If you are offered a bottle of water for $2.00 just after breakfast, you will likely say no thanks. Perhaps you’re not that thirsty and you will have time to grab one later. Besides, there is lots of water around.
If a few hours later you are offered a bottle of water for $3.00, you are likely to say not a chance, even though you are now a bit thirsty, pressed for time, and nowhere near a store or tap.
Principle enters the picture at this point. You could have had the bottle for $2.00 just a few hours earlier. As we get into late afternoon, having worked through lunch, you finally cave in and say yes you will buy the water, but of course now it is $4.00. What?!?!?
This is the crossroads. You either dig in with that $2.00 price stuck in your head, and no damn way do you pay double, after all this is crazy, the increases are unsustainable, and clearly people have lost their minds… or you find acceptance that not only do you need water, but clearly it may well be $5.00 by tonight.
Applied to our real estate market, more people are accepting the new reality and buying than are not. The record sales stats each month make that clear.
The Numbers (Don’t confuse me with your logic.)
Part of the rise in prices – not nearly all of it, but part of it – can certainly be traced back to falling interest rates.
Odds are if you think today’s market is crazy-town, then you probably took your first mortgage out at 6% or higher, and indeed those payments would have been tougher to make had the home been 50% more expensive. One needs to look at the ratio between purchase price and payments to get a firmer grasp on how these higher prices can be tolerated.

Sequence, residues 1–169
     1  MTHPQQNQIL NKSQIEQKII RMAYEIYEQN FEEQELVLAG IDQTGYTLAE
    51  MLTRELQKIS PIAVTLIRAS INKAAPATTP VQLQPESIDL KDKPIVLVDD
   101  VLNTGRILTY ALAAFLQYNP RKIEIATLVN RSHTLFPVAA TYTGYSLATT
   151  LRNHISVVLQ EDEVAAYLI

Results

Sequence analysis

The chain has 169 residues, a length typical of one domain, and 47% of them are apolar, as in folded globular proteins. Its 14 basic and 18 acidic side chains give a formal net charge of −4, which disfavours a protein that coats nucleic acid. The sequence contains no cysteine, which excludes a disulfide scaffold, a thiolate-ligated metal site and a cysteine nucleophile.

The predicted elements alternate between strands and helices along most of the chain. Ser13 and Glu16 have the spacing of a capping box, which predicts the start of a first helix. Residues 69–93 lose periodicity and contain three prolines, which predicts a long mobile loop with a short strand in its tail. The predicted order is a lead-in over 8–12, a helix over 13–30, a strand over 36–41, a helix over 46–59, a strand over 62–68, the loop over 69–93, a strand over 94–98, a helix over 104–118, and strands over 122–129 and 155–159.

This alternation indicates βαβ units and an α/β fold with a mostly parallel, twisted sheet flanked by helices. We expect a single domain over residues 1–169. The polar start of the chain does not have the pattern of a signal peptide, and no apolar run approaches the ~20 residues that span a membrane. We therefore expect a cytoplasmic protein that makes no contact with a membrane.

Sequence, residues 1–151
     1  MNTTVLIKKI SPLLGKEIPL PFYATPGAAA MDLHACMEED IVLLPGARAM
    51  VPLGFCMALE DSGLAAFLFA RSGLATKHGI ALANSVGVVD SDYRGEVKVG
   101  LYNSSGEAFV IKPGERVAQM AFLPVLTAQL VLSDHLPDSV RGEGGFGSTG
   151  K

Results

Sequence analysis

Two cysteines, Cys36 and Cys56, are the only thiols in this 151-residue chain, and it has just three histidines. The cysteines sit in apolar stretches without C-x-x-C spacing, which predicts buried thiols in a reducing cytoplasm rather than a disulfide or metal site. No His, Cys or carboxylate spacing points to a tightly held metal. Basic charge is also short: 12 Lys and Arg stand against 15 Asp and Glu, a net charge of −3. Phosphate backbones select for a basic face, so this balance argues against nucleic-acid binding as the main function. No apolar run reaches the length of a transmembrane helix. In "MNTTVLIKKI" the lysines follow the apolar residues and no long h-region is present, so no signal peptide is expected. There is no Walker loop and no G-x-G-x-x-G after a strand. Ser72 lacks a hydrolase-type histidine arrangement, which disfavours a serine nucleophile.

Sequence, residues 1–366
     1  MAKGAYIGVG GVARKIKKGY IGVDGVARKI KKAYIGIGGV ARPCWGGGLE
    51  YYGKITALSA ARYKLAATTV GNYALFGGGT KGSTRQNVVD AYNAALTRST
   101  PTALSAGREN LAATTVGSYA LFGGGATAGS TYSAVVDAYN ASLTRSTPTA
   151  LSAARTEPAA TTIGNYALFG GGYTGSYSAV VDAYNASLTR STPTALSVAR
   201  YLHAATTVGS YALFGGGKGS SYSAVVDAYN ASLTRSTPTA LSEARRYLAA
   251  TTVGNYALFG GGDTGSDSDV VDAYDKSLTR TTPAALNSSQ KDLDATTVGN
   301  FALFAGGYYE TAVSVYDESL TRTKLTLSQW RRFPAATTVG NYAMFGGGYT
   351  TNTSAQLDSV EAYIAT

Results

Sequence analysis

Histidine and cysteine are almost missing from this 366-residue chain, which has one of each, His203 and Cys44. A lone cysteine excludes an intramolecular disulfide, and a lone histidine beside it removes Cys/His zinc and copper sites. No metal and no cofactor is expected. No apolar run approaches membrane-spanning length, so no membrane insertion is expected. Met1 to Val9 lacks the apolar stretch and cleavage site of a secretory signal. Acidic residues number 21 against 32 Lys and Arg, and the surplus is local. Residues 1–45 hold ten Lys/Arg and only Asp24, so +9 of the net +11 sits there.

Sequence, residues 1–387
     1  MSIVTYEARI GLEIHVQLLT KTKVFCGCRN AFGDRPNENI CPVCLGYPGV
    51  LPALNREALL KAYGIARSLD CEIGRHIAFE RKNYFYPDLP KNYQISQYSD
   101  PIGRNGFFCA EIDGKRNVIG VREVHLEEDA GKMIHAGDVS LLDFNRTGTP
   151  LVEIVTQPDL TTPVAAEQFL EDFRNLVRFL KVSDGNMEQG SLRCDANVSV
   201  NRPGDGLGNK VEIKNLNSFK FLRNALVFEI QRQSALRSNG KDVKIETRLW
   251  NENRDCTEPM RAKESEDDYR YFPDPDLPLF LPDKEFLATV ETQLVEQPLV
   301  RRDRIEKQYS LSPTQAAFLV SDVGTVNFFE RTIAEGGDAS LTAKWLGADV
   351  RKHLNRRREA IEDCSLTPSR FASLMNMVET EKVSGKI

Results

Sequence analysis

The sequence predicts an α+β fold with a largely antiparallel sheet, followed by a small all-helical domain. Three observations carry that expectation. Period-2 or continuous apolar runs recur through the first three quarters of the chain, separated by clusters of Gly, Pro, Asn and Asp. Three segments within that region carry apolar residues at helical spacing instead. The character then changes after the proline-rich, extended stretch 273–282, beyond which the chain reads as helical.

- $200,000 @ 12% $2,063.80 per month
- $320,000 @ 6% $2,047.38 per month
- $450,000 @ 2.49% $2,013.61 per month
*all calculated at 25 year amortizations.
As you can see, if you are financing 95% of the purchase price of a home, it actually costs you less with each price hike if the cost of borrowing to buy it drops at the same time.
It is less about the purchase price than the payment. At all three purchase prices the payment is pretty much the same.
So yes, the price of that bottle of water went up, and that is hard to um…swallow. But it goes down a little more easily when the monthly cost is so similar. We humans are far better with short term math than long term math.
Which is why we look more at the monthly payment than we do at the overall purchase price.
It is not about what is costs, as much as it is about whether we can afford the monthly (or better yet, bi-weekly) payments.